20180207JD_FACTSHEET_January_2018_009_FINAL

ANIMAL HEALTH IRELAND Contributing to a profitable and sustainable farming and agri-food sector through improved animal health

JOHNE’S DISEASE

FACT SHEET Pasteurisation may be an option for providing an extra level of assurance for farmers actively managing the risk of Johne’s disease

Pasteurisation of milk and colostrum and Johne’s disease

P asteurisation is a process used in food processing to reduce the number of bacteria in a product to render it safer for consumption. The term is often associated with milk where pasteurisation has been used for more than 100 years to reduce the bacterial load and increase the shelf life. There are two types of pasteurisation that can be applied to milk. Commercial pasteurisation is a High Temperature Short Time (HTST) continuous process which heats milk to around 72 o C for 15-25 seconds. The second form of pasteurisation is Low Temperature Long Time (LTLT) batch pasteurisation where milk is heated to 60-65 o C for up to one hour. There is some evidence to suggest that MAP may be more sensitive to LTLT pasteurisation. Although either method may be used with milk, it is important to note that neither HTST pasteurisation, nor LTLT pasteurisation if carried out above 62 o C, are suitable for the pasteurisation of colostrum. Several studies have shown significant reductions in immunoglobulin levels and thickening and coagulation of colostrum when heated to temperatures of greater than 62 o C. Calves fed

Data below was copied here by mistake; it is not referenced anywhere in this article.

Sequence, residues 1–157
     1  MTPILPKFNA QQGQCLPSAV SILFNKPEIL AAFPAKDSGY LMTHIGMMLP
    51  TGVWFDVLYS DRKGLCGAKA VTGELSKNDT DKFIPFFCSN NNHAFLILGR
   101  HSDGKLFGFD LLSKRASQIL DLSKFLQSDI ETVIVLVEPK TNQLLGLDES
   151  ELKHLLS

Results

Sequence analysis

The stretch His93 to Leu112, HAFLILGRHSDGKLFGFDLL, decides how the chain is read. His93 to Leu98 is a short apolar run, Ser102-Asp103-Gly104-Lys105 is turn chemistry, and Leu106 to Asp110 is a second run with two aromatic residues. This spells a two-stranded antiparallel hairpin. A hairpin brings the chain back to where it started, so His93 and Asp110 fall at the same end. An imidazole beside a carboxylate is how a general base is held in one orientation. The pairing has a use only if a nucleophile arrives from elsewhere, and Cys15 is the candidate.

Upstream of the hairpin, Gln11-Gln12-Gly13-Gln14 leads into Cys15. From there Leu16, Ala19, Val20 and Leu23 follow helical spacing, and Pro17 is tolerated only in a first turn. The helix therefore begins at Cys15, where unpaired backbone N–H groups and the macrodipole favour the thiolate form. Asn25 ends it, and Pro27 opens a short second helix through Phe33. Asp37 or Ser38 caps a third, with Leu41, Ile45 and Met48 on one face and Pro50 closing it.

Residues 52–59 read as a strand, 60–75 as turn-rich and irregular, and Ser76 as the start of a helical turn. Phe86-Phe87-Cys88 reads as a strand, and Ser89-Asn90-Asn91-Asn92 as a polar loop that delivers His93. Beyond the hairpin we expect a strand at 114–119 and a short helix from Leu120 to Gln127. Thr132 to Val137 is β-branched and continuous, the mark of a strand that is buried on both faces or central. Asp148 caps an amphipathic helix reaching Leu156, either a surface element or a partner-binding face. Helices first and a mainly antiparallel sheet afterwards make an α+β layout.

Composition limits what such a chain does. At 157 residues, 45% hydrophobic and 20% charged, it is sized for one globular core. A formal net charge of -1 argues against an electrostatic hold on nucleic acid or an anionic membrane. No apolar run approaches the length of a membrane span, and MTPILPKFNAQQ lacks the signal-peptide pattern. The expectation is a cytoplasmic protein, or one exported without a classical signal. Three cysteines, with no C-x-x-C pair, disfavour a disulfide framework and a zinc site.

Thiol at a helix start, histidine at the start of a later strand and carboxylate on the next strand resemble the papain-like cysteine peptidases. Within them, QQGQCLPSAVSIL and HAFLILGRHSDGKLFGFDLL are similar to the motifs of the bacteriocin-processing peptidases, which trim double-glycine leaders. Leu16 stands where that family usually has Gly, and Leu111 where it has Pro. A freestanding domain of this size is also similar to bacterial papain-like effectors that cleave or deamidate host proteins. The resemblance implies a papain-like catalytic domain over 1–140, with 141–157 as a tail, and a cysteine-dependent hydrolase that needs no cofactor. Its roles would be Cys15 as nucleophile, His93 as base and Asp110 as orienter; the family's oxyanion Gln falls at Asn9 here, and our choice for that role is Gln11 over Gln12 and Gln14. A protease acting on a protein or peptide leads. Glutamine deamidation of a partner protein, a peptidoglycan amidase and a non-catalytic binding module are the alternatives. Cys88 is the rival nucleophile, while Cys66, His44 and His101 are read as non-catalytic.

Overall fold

colostrumheated to these temperatures are at increased risk of diarrhoea due to changes in the colostrum consistency and failure of passive transfer of colostral antibodies, leading to increased susceptibility to calf- hood diseases. Therefore, the current recommendation which is used in many of the purpose-built commercial colostrum pasteurisers is to heat colostrum to 60 o C for 60 minutes. Pasteurisers should be regarded as only one tool in the armoury

to control JD rather than a silver bullet; calf hygiene remains a crucial component of managing dairy calves, providing benefits beyond just control of Johne’s disease.

Johne's Control AnimalHealthIreland.ie

JOHNE’S DISEASE CONTROL PROGRAMME Animal Health Ireland, 4-5 The Archways, Carrick-on-Shannon, Co. Leitrim, N41WN27

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